New-home prices poised to soar over next few decades

China Daily (USA) - - BUSINESS - By ZHAO YANRONG zhaoy­an­rong @chi­

The price of a newhome in China will nearly quin­tu­ple in three decades de­spite sharp drops in trans­ac­tion vol­umes, ac­cord­ing to a re­cent re­port re­leased by China In­ter­na­tional Cap­i­tal Cor­po­ra­tion Ltd.

By 2050, the av­er­age price of new houses in China will break 30,000 yuan ($4,500) per square me­ter, and prices in cities such as Bei­jing, Shanghai, Guangzhou and Shen­zhen will rise up to 70,298 yuan, al­though the av­er­age price in­2015wa­sonly 6,472 yuan and 21,505 yuan, re­spec­tively, the re­port said.

The trans­ac­tion vol­ume will wit­ness sig­nif­i­cant changes, the re­port said. The trade vol­ume na­tion­wide will cut by nearly half from 1.12 bil­lion sqmin2015 to 671 mil­lion sqmin 2050. In first­tier cities, the vol­ume will reach a peak of 58.7 mil­lion sqmin2025, and then shrink to 40.6 mil­lion in 2050.

The fig­ures were cal­cu­lated based on the economic fund­men­tals of the prop­erty mar­ket in China, said Zhang Yu, an an­a­lyst at CICC.

Ac­cord­ing to Zhang, the price and trans­ac­tion vol­ume, in the short term, might be af­fected by el­e­ments such as money sup­ply, govern­ment poli­cies, ur­ban­iza­tion and the de­vel­op­ment of in­fra­struc­ture. How­ever, in the long term, macro­eco­nomics and pop­u­la­tion are the two de­ci­sive fac­tors in Zhang Yu, the prop­erty mar­ket.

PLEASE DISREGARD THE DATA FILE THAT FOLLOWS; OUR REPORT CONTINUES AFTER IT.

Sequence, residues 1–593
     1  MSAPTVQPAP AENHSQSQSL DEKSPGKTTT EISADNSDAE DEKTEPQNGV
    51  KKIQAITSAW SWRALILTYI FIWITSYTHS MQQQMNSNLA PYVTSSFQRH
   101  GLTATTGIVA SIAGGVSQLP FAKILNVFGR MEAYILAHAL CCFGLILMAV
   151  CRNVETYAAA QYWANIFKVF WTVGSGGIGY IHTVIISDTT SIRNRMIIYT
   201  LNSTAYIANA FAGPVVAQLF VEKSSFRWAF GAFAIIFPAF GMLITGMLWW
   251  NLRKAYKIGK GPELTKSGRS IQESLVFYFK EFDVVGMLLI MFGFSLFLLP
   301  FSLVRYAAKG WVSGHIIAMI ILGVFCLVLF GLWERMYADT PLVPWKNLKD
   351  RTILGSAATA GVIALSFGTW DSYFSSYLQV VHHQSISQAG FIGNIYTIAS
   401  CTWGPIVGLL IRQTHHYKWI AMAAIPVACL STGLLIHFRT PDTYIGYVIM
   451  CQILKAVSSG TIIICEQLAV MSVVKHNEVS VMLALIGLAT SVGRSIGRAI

“When­thep­er­cap­i­taGDPis at a lower level, hous­ing is not peo­ple’s ba­sic re­quire­ments. But when GDP grows to a cer­tain level when their re­quire­ments for hous­ing can be gen­er­ally sat­is­fied, the trans­ac­tion vol­ume would go down,” Zhang added.

Com­pared with sec­ond­hand prop­erty, which is a much­more com­pet­i­tive mar­ket, the price of new­houses is of­ten de­ter­mined by the prices of land, which is strongly in­flu­enced by govern­ment de­ci­sions, the an­a­lyst said.

In na­tion­wide prop­erty pur­chases, 20 per­cent are sec­ond­hand houses and 80 per­cent are new ones. So far, trans­ac­tions of sec­ond­hand houses have only sur­passed new ones in 10 cities, in­clud­ing four first-tier cities and six lead­ing sec­ond-tier cities, Zhang added.

“In the fu­ture, when the new and sec­ond­hand house buy­ing ra­tio reaches six to four, the real es­tate in­dus­try in China will be more mar­ket-driven and much closer to the economic laws and our cal­cu­lated fig­ures,” he said.

For home­buy­ers who have rigid de­mand, any short­term hous­ing value de­pre­ci­a­tion will only be a “pa­per loss”, said the an­a­lyst, be­cause in the long term, the prop­erty prices in China will def­i­nitely in­crease due to the in­evitable in­fla­tion.

“House pur­chas­ing is con­sumer­spend­ing in na­ture, but most home­buy­ers in China more or less con­sider it as an in­vest­ment. For the prop­erty buy­ers, who can af­ford the price and with a lower lever­age, to­day’s price is the best value to pur­chase,” he added.

For the prop­erty buy­ers, who can af­ford the price and with a lower lever­age, to­day’s price is the best value to pur­chase.” an an­a­lyst at CICC

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